Prosecutors stated that after his departure from office, Donald Trump was not allowed to possess any classified records, including those at unsecured locations like Mar-a-Lago, as alleged in the Superseding Indictment.

According to Bratt, Trump was fully aware that taking the documents was illegal, even if he didn’t know the specific law he was violating. Bratt emphasized that there are clear guidelines in existing authorities that define the permissible and prohibited actions.

Judge Cannon firmly stated that allowing unreviewable personal designations would essentially render the Presidential Records Act meaningless.

“The indictment charges do not pertain to personal records, unequivocally,” argued prosecutor David Harbach. According to him, Trump was fully aware when he acquired the documents and never classified them as personal. He dismissed Trump’s assertion that the materials, being highly classified and sensitive, automatically become personal and that he had authorization to keep them, thereby requesting the dismissal of the indictment. Additionally, Harbach highlighted that Trump’s legal team has not contested the facts presented in the indictment.

According to Harbach, Congress should not grant unlimited authority to the executive branch when it comes to designating records, despite the deference provided by the Presidential Records Act (PRA). He argues that it would be unreasonable to undermine the PRA.

The special counsel has brought charges against Trump for unlawfully retaining classified government records. According to allegations, he took these documents from the White House during the presidential transition. Additionally, the former president and two aides have been accused of obstructing investigations through a coordinated scheme. All three individuals have entered pleas of not guilty and vehemently denied any wrongdoing. It is important to note that one of the aides, Walt Nauta, was present in court on Thursday.

Prosecutors have alleged that Trump, as the former president, claimed he had the right to retain the records due to his classification authority within the federal government. However, they assert that various entities within the government, including archivists and investigators, made extensive efforts for a year to recover the missing documents.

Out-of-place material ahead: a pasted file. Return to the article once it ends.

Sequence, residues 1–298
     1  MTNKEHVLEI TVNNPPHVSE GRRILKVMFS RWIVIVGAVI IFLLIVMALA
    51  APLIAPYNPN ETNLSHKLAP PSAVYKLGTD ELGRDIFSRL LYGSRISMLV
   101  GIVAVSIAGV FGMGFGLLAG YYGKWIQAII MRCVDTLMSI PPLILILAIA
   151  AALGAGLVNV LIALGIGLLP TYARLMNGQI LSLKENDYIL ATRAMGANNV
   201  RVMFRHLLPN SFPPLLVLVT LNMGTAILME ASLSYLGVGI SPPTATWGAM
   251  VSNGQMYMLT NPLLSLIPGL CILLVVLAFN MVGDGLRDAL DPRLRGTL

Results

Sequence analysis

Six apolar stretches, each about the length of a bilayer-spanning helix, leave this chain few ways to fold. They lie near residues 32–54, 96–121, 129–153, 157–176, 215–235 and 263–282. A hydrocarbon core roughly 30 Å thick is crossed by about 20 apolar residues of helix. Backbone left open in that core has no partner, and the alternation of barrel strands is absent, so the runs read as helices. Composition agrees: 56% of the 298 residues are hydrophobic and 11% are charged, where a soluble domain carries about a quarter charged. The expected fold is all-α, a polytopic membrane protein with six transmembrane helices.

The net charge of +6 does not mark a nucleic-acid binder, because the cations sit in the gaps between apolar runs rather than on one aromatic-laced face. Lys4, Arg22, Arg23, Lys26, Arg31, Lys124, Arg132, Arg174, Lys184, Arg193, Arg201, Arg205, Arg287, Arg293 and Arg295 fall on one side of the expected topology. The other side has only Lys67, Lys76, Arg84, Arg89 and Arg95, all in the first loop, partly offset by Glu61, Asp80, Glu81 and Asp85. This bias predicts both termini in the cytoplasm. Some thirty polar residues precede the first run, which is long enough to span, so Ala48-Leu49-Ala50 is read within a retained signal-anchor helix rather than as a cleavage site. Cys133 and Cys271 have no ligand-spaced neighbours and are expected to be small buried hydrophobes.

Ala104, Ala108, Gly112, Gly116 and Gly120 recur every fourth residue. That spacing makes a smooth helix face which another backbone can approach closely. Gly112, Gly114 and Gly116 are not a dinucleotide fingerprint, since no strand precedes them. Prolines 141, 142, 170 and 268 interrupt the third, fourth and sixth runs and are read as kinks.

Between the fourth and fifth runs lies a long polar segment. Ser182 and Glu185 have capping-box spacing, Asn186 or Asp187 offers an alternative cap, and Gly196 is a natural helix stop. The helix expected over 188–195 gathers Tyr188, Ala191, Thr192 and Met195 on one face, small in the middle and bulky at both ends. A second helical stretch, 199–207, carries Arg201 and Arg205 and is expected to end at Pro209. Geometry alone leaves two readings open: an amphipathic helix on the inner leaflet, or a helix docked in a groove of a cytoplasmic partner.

In January 2022, Trump returned 15 boxes of documents, some of which contained papers marked as classified. Investigators later obtained a subpoena for records, which resulted in the discovery of a few additional documents. Subsequently, the FBI conducted a search at Trump’s Mar-a-Lago resort, with a court-authorized search warrant. This search revealed numerous sensitive records that had been stored in unsecured locations.

According to Trump’s lawyers, the Special Counsel’s Office cannot overlook the significance of the Presidential Records Act (PRA), which clearly grants discretion and authority to President Trump during his first term.

Trump and the other defendants in the documents case have requested hearings for the motions to dismiss that were filed last month. These include claims of vindictive prosecution and presidential immunity. Smith, on the other hand, has opposed all of these motions, including the question of presidential immunity. The Supreme Court will be considering this matter next month in a separate case related to Smith’s charges against Trump in Washington, D.C. in connection with the 2020 election.

The high court’s ruling is awaited before proceeding with the criminal trial.

According to prosecutors, Trump’s team is merely attempting to postpone the trial in Florida, and they have put forth the argument that the criminal proceedings should commence in July. On March 1, Judge Cannon conducted a hearing regarding the trial schedule, but she has not made a ruling as of yet. The defense team contends that conducting a fair trial prior to the 2024 presidential election would be impossible. However, they have proposed an August or September date, if the judge deems it necessary to proceed with the trial.

On Thursday, there was a hearing held following the dismissal of three charges against Trump by a county judge in Georgia. These charges were part of the 2020 election interference case brought by Fulton County District Attorney Fani Willis. It’s important to note that Trump still has other counts to face in this case, and he has pleaded not guilty to all charges.

Earlier this week, Cannon approved Trump’s request for a 10-day extension to submit additional paperwork related to other motions to dismiss the case.